Yet it's harder than you might think to say how Alinsky himself would feel about all this – well, except for the swastika part; he was, after all, a Jew enraged by American complacency about the menace posed by Hitler. But as Alinsky's biographer Sanford Horwitt wrote in the fascinating "Let Them Call Me Rebel": "Throughout Alinsky's life there was confusion about where to place him and his concepts on the political spectrum, and more confusion than one would have expected of a man who had been a friend and supporter of the great labor leader John L. Lewis and the industrial labor movement in the 1930s, a self-professed radical in the 1940s, and an outspoken advocate of racial integration and civil rights in the 1950s and 1960s."

And what are we to think of his latest conservative heirs and imitators? As infuriating as their scare tactics are, and as desperately as we need health care reform, is it hypocritical for liberals to suddenly discover the dangers of fanning social discontent now that the grassroots are growing in conservative ground? Are tactics that were OK for Code Pink not OK for Freedomworks? For me, the bottom line is that in different ways, the latter-day Alinskys on both the left and the right are demonstrating not the strength but the weakness of his tactics – weakness that, as a matter of fact, Hillary Clinton pointed out in her Wellesley senior honors thesis on Alinsky; for one thing, she wrote, an awful lot hinged on his personal appeal.

My own first brush with community organizing was as a young lefty do-gooder who nonetheless shared some of Palin's skepticism about what the heck kind of work that was: Right after graduating from Notre Dame, as a Holy Cross Associate in San Francisco's Mission District, I worked in a nun-run program for women coming out of abusive relationships and shared a house with four other volunteers -- two women who taught low-income kids in a Catholic school, and two guys whose assignment was community organizing -- which to the untrained eye looked a lot like hanging out, speaking Spanish with the neighbors, and dreaming up topics for philosophical discussions the rest of us were too tired for at day's end.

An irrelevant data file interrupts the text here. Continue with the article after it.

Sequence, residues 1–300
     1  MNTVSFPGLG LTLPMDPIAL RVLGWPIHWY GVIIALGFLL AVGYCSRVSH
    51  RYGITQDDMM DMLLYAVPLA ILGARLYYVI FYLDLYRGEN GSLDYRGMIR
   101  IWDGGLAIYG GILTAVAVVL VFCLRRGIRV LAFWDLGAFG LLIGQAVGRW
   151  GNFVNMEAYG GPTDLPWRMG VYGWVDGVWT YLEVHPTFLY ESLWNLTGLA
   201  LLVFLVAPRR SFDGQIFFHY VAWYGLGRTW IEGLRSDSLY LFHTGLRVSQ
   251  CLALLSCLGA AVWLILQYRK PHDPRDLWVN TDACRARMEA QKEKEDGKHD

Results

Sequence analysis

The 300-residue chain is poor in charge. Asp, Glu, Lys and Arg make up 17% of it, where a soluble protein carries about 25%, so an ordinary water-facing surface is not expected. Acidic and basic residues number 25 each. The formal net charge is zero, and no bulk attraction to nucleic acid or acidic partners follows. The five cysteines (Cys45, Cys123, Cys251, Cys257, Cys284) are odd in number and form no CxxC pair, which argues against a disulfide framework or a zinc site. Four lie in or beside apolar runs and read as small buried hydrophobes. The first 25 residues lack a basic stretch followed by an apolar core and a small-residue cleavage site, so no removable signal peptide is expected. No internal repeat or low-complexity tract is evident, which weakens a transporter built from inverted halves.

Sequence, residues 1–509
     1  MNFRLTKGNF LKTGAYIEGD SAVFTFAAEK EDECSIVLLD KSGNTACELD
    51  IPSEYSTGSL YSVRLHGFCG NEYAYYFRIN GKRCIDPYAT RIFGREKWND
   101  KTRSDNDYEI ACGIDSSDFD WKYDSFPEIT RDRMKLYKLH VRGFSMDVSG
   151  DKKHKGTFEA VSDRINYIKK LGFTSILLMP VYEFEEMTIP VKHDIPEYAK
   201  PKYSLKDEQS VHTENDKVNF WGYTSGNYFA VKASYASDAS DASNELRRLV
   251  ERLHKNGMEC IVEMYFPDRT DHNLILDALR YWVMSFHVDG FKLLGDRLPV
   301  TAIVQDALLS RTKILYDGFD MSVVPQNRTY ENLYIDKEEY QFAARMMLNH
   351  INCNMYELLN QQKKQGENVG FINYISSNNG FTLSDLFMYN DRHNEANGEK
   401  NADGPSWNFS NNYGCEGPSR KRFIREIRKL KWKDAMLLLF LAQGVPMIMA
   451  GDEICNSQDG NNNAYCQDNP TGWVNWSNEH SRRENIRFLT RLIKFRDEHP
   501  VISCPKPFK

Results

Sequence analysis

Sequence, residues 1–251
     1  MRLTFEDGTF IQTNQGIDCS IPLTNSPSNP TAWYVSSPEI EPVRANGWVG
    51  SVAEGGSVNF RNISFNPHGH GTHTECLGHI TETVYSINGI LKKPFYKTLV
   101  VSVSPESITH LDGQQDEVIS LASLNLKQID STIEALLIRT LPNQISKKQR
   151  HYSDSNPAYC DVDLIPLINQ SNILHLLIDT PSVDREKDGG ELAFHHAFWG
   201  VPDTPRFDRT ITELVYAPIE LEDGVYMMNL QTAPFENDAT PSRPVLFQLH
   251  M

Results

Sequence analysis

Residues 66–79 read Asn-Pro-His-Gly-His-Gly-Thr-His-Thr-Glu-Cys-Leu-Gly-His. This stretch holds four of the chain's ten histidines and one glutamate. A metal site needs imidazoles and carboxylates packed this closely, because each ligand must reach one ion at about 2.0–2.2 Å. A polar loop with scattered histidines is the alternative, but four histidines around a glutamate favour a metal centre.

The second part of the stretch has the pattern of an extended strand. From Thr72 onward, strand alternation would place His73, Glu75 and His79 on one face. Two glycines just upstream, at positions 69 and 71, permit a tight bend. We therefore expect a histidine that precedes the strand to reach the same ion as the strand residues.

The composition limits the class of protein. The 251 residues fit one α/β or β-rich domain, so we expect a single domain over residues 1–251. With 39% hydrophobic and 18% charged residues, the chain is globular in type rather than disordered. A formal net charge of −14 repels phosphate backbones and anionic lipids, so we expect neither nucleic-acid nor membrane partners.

In the years since then, I have seen organizers gain recognition of a problem, but never its solution: As a reporter for New York Newsday in the early '90s, I spent many Saturday mornings covering the marches Al Sharpton organized in Brooklyn's Bensonhurst after a young black guy, Yusuf Hawkins, was killed by a white mob there. Week after week, his group would march through the heavily Italian neighborhood shouting, "No justice, no peace.'' And week after week, residents would yell the ugliest racist invective you can imagine at the marchers. I would not say I was Sharpton's biggest fan – the Tawana Brawley hoax he was involved in was inexcusable – but he was making a point, provoking a reaction, forcing recognition that that was how things stood then and there, and there was no denying it.